Wielding and operation of modern communication devices evolve as second nature with our children – from even a year old if my sister is to be believed . They use it the best, quite very wisely, with an innate belief , in good light and with lots of hope. Our parents and older siblings are inept users ; they use it unwisely and with utter incredulity spending hours in darkness and in winters of despair - they have everything before them yet they have nothing before them. My generation employs a half-way house approach between that of the parents and the children.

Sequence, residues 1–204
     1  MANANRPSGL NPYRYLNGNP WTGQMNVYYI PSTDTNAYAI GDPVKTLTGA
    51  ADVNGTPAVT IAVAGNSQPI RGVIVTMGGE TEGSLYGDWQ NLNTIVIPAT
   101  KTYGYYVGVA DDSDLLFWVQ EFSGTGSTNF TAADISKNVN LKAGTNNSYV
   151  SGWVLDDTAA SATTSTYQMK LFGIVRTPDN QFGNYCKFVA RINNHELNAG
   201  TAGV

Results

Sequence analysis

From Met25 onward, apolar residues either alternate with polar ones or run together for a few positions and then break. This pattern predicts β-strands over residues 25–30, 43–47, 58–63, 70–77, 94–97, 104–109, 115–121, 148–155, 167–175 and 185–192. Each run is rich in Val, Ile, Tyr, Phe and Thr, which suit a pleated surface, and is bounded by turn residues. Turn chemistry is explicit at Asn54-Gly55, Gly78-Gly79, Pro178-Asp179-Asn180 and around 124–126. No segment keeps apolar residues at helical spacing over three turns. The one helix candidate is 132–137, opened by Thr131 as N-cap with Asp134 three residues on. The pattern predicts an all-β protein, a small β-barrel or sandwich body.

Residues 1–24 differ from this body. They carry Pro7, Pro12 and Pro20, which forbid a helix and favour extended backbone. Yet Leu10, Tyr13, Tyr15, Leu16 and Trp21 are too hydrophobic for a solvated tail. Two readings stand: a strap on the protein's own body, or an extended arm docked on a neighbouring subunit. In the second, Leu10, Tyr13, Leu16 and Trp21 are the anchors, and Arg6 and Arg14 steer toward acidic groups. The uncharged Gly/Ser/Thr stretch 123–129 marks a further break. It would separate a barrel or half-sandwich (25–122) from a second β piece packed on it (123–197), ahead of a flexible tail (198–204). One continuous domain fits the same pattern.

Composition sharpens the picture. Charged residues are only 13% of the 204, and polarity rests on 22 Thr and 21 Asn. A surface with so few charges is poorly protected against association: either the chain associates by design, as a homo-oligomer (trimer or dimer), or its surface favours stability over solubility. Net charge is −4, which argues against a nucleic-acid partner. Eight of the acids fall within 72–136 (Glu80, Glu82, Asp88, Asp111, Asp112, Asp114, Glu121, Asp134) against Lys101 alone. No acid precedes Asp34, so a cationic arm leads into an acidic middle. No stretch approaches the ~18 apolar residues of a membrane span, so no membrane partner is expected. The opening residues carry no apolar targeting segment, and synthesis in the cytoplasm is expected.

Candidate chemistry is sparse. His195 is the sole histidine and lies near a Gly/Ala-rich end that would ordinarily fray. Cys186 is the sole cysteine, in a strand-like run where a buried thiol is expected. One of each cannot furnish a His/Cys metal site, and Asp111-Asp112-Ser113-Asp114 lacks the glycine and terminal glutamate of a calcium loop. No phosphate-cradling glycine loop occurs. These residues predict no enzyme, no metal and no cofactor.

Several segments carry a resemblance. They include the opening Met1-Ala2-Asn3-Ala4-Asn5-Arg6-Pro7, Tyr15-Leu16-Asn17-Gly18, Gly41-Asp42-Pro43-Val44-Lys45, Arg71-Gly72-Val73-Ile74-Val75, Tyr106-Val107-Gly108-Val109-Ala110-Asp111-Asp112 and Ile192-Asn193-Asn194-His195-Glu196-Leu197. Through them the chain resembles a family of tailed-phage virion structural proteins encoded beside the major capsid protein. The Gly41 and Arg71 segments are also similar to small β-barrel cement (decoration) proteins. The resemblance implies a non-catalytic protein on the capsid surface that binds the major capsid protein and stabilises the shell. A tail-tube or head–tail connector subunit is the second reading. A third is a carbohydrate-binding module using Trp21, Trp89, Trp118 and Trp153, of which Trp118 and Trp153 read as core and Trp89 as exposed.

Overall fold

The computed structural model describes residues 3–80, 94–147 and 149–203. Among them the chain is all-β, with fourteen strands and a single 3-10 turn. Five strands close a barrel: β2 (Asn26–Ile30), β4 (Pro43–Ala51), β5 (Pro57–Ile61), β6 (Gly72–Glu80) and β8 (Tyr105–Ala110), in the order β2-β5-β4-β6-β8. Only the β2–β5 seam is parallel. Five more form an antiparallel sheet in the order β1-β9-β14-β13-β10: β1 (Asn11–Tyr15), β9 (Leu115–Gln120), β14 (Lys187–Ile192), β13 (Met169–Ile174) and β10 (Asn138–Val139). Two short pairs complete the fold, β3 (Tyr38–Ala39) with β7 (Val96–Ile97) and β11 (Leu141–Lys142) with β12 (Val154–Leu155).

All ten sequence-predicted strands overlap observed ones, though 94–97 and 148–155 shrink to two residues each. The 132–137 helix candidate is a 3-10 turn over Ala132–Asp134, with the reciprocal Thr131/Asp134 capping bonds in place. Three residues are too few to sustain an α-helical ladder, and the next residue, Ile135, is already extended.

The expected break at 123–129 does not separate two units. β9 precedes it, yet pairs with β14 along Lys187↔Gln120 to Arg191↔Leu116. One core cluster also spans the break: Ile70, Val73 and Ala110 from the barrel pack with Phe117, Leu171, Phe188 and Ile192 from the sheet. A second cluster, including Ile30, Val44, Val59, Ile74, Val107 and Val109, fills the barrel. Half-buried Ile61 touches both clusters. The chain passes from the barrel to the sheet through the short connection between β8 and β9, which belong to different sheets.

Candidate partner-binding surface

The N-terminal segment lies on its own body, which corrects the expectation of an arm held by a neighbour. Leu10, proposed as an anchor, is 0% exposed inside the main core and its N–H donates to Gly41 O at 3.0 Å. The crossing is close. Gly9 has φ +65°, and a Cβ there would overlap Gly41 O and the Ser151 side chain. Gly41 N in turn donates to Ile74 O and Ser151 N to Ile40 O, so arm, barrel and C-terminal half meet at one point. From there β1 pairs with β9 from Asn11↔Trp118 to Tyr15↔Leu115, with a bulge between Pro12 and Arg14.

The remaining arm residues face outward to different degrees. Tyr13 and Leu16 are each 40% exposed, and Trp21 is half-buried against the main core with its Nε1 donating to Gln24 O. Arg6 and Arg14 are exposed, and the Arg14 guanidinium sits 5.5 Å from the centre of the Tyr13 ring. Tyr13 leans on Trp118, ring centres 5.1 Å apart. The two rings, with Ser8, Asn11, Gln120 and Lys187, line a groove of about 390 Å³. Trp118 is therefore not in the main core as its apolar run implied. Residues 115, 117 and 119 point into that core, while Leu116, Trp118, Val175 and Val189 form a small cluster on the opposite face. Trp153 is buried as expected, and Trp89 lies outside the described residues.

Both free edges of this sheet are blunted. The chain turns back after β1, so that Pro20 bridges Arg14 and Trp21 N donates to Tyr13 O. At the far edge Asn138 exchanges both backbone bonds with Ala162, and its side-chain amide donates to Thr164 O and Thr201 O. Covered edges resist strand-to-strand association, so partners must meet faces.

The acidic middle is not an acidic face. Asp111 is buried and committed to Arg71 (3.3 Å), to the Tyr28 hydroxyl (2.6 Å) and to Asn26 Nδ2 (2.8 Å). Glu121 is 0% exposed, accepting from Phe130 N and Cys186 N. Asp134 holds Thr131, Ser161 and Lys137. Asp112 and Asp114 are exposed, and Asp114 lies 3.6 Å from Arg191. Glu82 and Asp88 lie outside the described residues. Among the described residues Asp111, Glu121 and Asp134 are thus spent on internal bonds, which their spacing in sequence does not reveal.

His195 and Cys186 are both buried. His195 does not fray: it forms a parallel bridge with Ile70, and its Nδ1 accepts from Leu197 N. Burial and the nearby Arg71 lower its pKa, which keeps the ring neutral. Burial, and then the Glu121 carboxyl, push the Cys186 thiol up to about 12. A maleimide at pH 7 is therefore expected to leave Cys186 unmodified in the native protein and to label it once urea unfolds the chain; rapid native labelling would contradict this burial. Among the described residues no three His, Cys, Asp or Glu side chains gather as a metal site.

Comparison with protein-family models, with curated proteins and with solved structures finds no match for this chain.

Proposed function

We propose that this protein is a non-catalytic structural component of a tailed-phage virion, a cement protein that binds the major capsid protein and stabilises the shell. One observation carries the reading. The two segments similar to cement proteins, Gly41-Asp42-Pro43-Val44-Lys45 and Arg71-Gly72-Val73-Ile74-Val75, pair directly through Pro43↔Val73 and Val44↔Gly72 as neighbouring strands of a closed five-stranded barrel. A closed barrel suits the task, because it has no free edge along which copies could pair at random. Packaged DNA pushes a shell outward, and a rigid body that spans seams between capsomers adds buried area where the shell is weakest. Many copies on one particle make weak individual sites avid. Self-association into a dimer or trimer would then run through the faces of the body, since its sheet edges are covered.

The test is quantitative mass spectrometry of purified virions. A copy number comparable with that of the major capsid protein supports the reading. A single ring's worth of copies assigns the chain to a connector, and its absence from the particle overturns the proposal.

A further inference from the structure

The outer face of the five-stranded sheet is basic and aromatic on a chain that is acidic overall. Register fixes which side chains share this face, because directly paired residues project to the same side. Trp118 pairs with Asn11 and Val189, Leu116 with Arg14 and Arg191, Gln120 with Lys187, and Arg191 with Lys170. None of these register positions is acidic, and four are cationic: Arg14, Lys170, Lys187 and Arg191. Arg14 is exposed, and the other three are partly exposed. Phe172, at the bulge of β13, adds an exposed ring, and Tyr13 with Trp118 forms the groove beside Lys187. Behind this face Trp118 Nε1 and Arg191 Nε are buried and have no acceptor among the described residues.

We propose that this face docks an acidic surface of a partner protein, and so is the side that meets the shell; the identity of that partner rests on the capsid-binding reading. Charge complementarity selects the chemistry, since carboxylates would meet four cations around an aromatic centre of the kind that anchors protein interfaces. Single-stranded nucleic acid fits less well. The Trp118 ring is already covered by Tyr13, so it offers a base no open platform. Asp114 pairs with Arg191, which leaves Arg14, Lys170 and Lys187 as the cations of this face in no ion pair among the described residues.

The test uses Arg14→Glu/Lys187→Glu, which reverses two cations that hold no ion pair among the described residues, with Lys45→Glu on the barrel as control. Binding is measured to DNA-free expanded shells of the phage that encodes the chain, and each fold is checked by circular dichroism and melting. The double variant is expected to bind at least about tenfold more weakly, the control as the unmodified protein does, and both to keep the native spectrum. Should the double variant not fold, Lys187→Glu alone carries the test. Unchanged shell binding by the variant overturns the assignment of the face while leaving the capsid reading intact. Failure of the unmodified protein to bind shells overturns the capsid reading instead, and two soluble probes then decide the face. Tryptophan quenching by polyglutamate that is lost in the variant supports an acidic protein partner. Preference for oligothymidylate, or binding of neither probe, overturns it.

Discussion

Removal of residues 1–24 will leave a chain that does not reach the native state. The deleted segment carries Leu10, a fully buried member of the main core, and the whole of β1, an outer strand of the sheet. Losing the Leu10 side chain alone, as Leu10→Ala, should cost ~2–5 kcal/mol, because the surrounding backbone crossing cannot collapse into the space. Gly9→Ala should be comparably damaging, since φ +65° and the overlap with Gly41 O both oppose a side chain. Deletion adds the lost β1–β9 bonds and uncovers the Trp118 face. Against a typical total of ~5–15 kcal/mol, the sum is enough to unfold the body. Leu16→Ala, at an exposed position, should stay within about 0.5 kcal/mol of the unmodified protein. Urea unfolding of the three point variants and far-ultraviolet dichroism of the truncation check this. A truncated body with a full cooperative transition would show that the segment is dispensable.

It goes without saying that the political turmoil facing our homeland has resulted in untold misery. The economic migration during the last two decades has torn asunder members of thousands of families who have sought refuge across the globe. But a filial desire of connectivity through modern communication methods remains that much intense. To that effect, one can understand the necessity and desire of parents to remain connected with children and other relatives , however clumsy the wielding of instruments of connectivity.